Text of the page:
INDIVIDUAL voices are speaking out against rising violent crimes against both males and females that are pushing homicides rates to levels unforeseen in the past.
January is not yet over and already three homicides have been recorded with police waiting on certain information that may very well see them chalking up a possible fourth case for the year so far.
The violence of last year seems to have spilled into this year evidence of which surfaced just this past weekend when the naked body of an unidentified female was discovered on the Pigeon Island Causeway sparking nationwide outrage.
Old and new media were buzzing with reports of the discovery, outraged that the photo of the victim, in all its savagery, was circulated across media platforms.
Police have yet to determine the identity of the body yet photos of a particular young lady were on heavy rotation on social media claiming to be the deceased.
One media house went as far as interviewing a man said to be the father of the deceased, while another attempted to get a comment from the supposedly mother.
Outrage at the discovery of the dead woman reached the highest offices in the land with Prime Minister Allen Chastanet and the opposition Saint Lucia Labour Party expressing sadness at the death of the young woman.
Also expressing abhorrence to such a crime was Minister of Education, Innovation, Gender Relations and Sustainable Development, Gale Rigobert.
Like the Prime Minister, Rigobert expressed outrage at violence perpetrated against women in general, pointing to last week where reports of the rape of a woman in Jacmel surfaced.
“Both acts are reprehensible and should be condemned. “The femicide, though itself horrendous and unimaginable, is accompanied with the equally despicable widespread circulation of the image of this victim within minutes of the discovery of her lifeless body,” Dr. Rigobert says.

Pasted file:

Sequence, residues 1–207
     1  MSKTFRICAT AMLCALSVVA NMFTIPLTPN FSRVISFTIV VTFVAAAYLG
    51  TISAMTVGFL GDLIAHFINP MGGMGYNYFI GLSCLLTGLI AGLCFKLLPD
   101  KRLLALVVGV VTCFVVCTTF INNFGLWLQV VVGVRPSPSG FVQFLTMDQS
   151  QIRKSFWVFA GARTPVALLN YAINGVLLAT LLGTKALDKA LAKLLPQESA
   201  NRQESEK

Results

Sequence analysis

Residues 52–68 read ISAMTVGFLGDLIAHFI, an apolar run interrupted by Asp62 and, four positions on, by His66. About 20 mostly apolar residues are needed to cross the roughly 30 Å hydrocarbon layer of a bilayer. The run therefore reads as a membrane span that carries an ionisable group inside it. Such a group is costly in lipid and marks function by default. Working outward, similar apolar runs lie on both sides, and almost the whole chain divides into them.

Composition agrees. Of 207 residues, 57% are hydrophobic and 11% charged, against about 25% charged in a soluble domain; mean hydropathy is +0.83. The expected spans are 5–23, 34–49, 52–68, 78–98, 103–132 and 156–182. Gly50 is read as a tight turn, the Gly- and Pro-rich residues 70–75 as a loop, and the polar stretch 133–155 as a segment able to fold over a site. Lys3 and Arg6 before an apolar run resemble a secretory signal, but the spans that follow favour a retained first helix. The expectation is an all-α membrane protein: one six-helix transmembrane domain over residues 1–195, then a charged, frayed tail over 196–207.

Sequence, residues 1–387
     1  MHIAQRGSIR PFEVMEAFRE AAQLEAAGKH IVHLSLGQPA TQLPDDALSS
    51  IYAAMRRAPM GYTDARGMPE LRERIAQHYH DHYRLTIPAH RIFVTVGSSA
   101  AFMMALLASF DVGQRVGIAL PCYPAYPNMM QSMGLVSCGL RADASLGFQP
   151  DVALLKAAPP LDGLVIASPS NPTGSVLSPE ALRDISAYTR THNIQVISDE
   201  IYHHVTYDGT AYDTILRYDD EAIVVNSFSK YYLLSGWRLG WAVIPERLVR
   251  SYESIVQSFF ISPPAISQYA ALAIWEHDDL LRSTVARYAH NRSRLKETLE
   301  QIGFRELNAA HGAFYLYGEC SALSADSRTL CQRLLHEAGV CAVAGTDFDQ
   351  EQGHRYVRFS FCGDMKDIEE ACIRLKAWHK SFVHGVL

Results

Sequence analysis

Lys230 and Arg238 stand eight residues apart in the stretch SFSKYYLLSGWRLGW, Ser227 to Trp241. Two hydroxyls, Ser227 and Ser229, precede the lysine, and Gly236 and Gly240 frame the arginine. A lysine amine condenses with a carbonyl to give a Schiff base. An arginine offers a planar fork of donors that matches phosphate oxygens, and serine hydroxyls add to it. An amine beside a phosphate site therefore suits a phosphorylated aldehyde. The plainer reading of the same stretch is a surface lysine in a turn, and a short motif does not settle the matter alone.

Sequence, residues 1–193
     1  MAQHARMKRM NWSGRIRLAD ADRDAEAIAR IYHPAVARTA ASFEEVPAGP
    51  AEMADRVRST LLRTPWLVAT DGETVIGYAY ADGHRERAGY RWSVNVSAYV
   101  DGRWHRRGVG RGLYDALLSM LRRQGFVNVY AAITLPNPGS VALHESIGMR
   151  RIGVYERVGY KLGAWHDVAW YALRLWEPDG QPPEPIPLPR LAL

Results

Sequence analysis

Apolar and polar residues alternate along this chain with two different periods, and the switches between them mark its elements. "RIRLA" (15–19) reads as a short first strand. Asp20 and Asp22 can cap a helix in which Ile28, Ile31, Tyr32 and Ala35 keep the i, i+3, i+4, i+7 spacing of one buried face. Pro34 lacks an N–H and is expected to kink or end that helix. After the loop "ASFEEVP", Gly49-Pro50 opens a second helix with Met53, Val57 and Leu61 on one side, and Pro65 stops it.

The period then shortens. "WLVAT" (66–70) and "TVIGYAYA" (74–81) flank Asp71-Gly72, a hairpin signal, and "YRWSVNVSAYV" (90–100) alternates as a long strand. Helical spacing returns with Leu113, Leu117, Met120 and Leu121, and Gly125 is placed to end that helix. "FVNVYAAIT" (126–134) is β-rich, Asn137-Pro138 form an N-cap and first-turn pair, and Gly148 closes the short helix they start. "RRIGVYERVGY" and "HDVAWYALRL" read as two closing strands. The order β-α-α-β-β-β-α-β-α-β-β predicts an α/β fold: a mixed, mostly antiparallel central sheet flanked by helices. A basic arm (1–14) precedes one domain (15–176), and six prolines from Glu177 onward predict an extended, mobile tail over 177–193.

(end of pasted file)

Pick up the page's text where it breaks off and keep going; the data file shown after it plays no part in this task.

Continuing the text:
The Minister went on to point out that increased incidence of more extreme forms of gender-based violence like femicide, and the apparent desensitization of our citizens to the horror of violence, underscores the grim reality, that deeply rooted inequalities and harmful gender norms, continue to pervade our society.
“My plea to the general public is for us to demonstrate a sense of community, by each person finding their voice to advocate for and looking out for our most vulnerable. I am also calling on everyone to step up our collective efforts, to strongly condemn all acts of gender-based and other forms of violence in our beautiful island,” Minister Rigobert said.
Prime Minister Allen Chastanet also spoke about the latest attacks on women: “Sadly I am here today because we’ve heard over the last couple of days of two heinous crimes that have taken place. One, of a female who was raped in Jacmel and the body of another female that was discovered at Pigeon Island. First let me say my condolences to all family members, I know how difficult this must be and how shocking it is and all of our heartfelt warmth, prayers go out to you today and to be assured of all of our continued support. I also want to say how grieved I am, how upset I am that we still have these types of crimes taking place in our society,” Chastanet said.
He said that when he was in opposition his administration had identified this as a priority area and had repeatedly said to the public that there is no one solution to this problem.
“This takes a holistic approach to solve. We first have the police force which needed to be strengthened and we’ve been doing so: better communications systems, CCT cameras, new vehicles, better training and recently promotions for those officers and physically improving their offices as well as their own personal facilities,” Chastanet said.
To underscore his point of taking a holistic approach to fighting serious crime the Prime Minister spoke of the construction of the new police headquarters, the strengthening of the forensic lab, noting that a lack of evidence makes convictions impossible. The lab, he said, has new equipment and is fully operational and will be doing all of the forensic investigations on the crime scenes.
“We’ve now added a DNA testing lab to help strengthen the forensic lab,” he said.
On the subject of domestic and child abuses the Prime Minister said thus: “We must recognize that, particularly for domestic abuse, and child abuse, the signs are there from early and clearly we have failed as a society in being able to put the mechanisms in for persons to be able to report this, and also for the sensitivity of information and how we deal with the victims themselves, and so we have been strengthening our social systems to be able to address that and we have to do a better job of sharing information between nurses, teachers, sports officers and social workers as well as better educating the public on identifying abuse cases and how to be able to report it.”
He added, “Sadly we have been waiting for incidents like what have happened recently to take place before we become outraged. We must be outraged at the loss of any life through domestic abuse.”